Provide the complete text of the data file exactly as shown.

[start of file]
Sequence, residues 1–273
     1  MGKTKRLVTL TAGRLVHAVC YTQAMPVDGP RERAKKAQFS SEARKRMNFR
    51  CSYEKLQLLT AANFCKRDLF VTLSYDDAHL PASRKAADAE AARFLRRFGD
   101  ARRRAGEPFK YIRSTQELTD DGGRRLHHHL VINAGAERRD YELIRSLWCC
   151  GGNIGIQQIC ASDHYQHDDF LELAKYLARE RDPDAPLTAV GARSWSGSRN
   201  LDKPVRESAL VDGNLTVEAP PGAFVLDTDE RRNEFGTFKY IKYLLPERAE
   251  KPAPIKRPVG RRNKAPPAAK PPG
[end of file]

Sequence, residues 1–273
     1  MGKTKRLVTL TAGRLVHAVC YTQAMPVDGP RERAKKAQFS SEARKRMNFR
    51  CSYEKLQLLT AANFCKRDLF VTLSYDDAHL PASRKAADAE AARFLRRFGD
   101  ARRRAGEPFK YIRSTQELTD DGGRRLHHHL VINAGAERRD YELIRSLWCC
   151  GGNIGIQQIC ASDHYQHDDF LELAKYLARE RDPDAPLTAV GARSWSGSRN
   201  LDKPVRESAL VDGNLTVEAP PGAFVLDTDE RRNEFGTFKY IKYLLPERAE
   251  KPAPIKRPVG RRNKAPPAAK PPG